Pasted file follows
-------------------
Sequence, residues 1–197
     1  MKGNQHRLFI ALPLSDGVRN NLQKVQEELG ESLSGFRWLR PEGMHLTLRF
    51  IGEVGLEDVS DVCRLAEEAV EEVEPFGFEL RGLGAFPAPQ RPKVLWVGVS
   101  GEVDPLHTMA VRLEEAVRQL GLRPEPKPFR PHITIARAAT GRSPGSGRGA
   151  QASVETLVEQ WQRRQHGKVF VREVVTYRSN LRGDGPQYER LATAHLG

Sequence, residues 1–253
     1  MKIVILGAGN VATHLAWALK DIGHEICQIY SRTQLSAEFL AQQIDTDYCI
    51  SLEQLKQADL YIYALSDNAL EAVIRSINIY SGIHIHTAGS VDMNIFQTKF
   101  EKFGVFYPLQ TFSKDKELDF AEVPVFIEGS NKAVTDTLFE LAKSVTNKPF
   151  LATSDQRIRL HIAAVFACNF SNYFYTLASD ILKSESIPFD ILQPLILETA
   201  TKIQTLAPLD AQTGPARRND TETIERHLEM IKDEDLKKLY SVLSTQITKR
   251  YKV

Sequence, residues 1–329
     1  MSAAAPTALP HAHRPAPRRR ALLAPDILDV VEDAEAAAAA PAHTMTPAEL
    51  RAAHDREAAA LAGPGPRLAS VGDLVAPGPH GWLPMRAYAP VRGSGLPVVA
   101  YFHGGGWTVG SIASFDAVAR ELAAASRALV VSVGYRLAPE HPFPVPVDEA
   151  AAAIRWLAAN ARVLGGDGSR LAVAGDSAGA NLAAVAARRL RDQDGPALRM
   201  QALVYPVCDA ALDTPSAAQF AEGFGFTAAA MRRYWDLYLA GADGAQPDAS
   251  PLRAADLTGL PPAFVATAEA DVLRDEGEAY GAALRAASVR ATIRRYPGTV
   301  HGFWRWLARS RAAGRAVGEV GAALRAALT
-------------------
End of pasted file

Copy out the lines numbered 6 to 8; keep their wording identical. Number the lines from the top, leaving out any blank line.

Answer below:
Sequence, residues 1–253
     1  MKIVILGAGN VATHLAWALK DIGHEICQIY SRTQLSAEFL AQQIDTDYCI
    51  SLEQLKQADL YIYALSDNAL EAVIRSINIY SGIHIHTAGS VDMNIFQTKF